Younger & older students learn from each other. Younger students get a preview of upcoming curriculum/skills and older students get a review of previously learned skills/content.
Students become versatile learners through group and individual instruction.
Children’s social skills develop more quickly and earlier, as interaction with other age groups is fostered.
Multi-age interactions promote an advancement in a child’s social skills.
Students develop self-management skills, including time and behavior management.
The multi-grade classroom mimics and fosters sound relationships at home and in future adult life. 2
The same teacher instructs the student for two or more years; meaning that the teacher is given greater time to get to know the student individually, together with their strengths, weaknesses, and learning habits. This increases the quality of education given and received. 2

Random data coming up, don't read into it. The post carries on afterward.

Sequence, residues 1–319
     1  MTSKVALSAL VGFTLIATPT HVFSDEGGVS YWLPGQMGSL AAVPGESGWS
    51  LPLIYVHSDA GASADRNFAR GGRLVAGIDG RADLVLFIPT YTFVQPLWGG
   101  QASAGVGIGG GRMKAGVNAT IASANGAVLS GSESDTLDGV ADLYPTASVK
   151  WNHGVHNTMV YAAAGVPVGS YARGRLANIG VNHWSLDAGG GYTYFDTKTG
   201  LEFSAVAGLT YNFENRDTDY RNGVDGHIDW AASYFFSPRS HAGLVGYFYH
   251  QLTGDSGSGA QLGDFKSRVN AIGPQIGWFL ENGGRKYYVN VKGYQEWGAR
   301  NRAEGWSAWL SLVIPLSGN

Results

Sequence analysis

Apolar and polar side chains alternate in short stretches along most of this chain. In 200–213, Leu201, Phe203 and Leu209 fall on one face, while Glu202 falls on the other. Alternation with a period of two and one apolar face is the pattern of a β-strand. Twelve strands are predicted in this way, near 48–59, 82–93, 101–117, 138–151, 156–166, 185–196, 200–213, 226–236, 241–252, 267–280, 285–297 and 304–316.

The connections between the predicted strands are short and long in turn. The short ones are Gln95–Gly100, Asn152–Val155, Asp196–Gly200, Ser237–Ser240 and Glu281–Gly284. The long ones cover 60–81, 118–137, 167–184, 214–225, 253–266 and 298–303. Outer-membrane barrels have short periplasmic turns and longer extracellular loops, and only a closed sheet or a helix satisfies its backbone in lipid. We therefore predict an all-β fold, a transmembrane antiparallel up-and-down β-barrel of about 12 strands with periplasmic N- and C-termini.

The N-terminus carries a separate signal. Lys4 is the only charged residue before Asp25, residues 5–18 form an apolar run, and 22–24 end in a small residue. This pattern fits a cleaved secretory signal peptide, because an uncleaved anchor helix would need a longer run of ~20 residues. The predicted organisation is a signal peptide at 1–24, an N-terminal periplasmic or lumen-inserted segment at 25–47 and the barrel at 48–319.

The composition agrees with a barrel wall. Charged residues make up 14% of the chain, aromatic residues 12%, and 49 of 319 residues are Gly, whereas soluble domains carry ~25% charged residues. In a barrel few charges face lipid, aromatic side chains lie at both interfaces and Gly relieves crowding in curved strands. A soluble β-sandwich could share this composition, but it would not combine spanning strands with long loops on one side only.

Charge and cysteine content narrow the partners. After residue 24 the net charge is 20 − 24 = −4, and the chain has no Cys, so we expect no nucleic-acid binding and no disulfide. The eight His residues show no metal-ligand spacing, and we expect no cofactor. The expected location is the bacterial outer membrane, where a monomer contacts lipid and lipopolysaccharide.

The vast majority of studies indicate that students in multi-grade settings perform as well or better than students in single grade settings.1 Studies clearly indicate that social and psychological benefits exist from multi-grade settings. The country of New Zealand which boasts the highest literacy rate in the world still finds multi-grade classroom settings common.